You may be familiar with Andrew Sullivan: author, essayist, editor, public intellectual. The British expat, long ensconced in America, all but invented the professional blog with The Dish, his influential platform on politics and culture that thrived from 2000 to 2015.
You may not know Sullivan as one of the intellectual pioneers of the legalization movement. But back in 2009, when adult-use legalization was a dream still years away, Sullivan devoted an extraordinary amount of space in The Dish to serious considerations of legal, regulated use. That work was later collected in a groundbreaking book, The Cannabis Closet, edited by Sullivan and Dish editor Chris Bodenner, which collected the stories of everyday, non-stereotypical cannabis consumers. (You can still find it online, published by Blurb.com.)
Sullivan will be speaking at the International Cannabis Business Conference in San Francisco next weekend (Feb 13-14), along with an eclectic lineup that includes Congressman Dana Rohrabacher, Tommy Chong, and former U.S. Surgeon General Joycelyn Elders. I caught up with him in a phone conversation a couple weeks before the event.
I wanted to know what got him thinking about legalization seven years ago. “There were two things,” he said. “One was my own experience in the AIDS epidemic. I know people alive today who wouldn’t have survived without cannabis. It allowed them to tolerate the crazy amounts of medication we were given in the mid-nineties. I found it intolerable that the government would actively prevent people from saving their own lives.
“The other thing was this: I’ve always had a libertarian instinct. I genuinely believe people should be able to treat themselves as they see fit. Especially if it’s not fatal, and has been shown to be safe.”
The Cannabis Closet was one of the first books to present cannabis use as something other than the main ingredient in a stoner comedy. That came about, Sullivan said, “because we wanted to counter the stereotypes. We wanted to relay the experiences of completely middle-class American pot smokers.” Sullivan has often written of his own experience as a gay conservative Catholic, and he saw parallels between the LGBTQ struggle and the cultural presentation of cannabis consumers. “The parallel with the gay story is there,” he said. “There are a lot of stereotypes” that kept the drug war at a fever pitch.
In a way, he argued, the connection between cannabis and comedy has undermined the fight to address legalization as a serious issue. “The humor is an obstacle,” he said. “When people talk about weed in the United States, they giggle and make munchies jokes. Nobody ever makes jokes about someone doing heroin. There’s been a strange disconnect between the way people talked about it, and the way the law and public debate was constrained around it.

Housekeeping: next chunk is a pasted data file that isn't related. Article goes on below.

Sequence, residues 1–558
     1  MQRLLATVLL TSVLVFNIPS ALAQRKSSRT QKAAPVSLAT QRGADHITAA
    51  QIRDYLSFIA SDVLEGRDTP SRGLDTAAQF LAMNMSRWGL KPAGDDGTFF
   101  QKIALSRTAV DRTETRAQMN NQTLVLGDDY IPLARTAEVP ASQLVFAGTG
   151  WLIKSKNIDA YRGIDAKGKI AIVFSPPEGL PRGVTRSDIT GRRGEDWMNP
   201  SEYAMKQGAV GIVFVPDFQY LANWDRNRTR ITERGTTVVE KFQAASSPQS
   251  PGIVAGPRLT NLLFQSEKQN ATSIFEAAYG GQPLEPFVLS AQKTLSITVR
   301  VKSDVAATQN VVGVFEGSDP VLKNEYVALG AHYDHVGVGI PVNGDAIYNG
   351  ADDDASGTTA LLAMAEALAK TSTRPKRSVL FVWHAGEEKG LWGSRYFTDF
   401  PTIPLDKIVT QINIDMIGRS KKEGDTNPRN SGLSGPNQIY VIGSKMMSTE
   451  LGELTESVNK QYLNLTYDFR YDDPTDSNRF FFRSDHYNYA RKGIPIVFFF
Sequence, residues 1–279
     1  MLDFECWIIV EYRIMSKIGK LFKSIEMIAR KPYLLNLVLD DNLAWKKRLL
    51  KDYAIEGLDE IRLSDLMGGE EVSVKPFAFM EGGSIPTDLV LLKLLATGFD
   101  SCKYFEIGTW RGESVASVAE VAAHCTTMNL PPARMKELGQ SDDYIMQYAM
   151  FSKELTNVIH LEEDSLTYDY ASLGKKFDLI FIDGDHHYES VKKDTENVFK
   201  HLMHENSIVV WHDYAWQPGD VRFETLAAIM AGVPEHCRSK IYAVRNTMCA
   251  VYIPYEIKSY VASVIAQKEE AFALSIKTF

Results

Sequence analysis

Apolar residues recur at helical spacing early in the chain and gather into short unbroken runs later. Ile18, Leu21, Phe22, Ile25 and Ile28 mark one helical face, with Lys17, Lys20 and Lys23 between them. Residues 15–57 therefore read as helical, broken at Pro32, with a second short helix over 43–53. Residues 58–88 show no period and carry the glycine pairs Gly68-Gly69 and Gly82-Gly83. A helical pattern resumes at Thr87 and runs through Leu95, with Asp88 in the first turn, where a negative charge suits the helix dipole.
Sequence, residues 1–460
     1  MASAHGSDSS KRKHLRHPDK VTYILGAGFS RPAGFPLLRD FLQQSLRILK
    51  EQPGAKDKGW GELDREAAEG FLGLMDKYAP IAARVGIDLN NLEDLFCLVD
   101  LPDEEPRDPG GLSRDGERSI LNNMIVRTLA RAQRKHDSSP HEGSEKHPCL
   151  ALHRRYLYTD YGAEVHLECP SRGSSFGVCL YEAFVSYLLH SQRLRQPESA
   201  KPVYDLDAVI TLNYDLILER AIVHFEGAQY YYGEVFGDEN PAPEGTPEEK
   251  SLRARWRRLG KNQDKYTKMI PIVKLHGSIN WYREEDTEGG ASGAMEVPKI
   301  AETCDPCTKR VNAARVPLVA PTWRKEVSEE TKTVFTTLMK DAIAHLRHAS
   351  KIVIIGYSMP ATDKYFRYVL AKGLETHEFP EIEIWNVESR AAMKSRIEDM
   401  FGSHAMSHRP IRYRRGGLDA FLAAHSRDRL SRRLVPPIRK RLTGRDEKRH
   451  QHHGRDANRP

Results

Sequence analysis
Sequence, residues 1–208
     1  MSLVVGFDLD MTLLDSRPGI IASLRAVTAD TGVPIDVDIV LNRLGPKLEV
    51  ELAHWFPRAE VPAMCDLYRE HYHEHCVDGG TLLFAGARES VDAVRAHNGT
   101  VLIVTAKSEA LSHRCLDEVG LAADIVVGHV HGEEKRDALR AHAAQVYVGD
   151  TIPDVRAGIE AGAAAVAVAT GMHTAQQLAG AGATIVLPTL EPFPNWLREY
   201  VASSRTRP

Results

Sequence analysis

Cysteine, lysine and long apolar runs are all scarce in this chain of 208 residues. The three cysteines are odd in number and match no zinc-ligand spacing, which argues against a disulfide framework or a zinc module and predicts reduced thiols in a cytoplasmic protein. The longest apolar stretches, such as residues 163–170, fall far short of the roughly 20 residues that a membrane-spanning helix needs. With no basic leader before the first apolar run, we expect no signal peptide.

“I’m a huge fan of stoner comedy and stoner culture,” he added. “I don’t mean in any way to disparage them. But in some ways it’s become an unwitting way of deflecting, of missing the point. If it’s only funny, then why the hell are we locking up god knows how many people a year for merely possessing it? Let alone the racial question, which is overwhelming and shameful.”
Long known for his biting political commentary, Sullivan is closely watching the legalization initiatives moving toward the November 2016 ballot. “That’s the key, the November vote,” he said. “The marriage equality parallel is interesting. Once we only had Massachusetts” as a marriage equality state, he said. “We knew if we went to federal court and only had two or three states behind us, it would be a harder push.” By the time the U.S. Supreme Court legalized same-sex marriage nationwide with its 2015 Obergefell v. Hodges decision, some version of marriage equality existed in 38 states and Washington, D.C. A similar dynamic could play out with cannabis legalization, Sullivan said. “Once you get a critical mass—especially adding a state like California—then I think we’re in a whole new ballpark.”
It’s been a year since Sullivan announced the retirement of The Dish—fifteen years left him fairly exhausted—and since then he’s been thinking and writing a lot about “the culture we live in, which is a culture of mass distraction,” he said.
“Nobody is safe from the endless torrent of Tweets, emails, Facebook updates,” he said. “We’re in a constant distracted state of mind, and it renders us more tired, depressed, and irritable.
“I think the new popularity of weed is related to that,” he said. “I think people feel the need for space in their lives that is calm. They need something that will get them out of that constant reactive, on-edge feel that information overload is providing us. I think we’re self-medicating, and I think weed is particularly effective in tricking our brains into escaping that constant state of alert anxiety.
“It’s become incredibly hard to stay sane in this culture. Our heads are jerking with distraction. No one even takes a shit anymore without looking at their phone.” I laughed. “I’m serious,” he said, chuckling, “this didn’t happen ten years ago. We took a shit easily ten years ago, enjoyed the moment. That’s what I think weed does. Gets us off the phone and allows us to enjoy the moment.”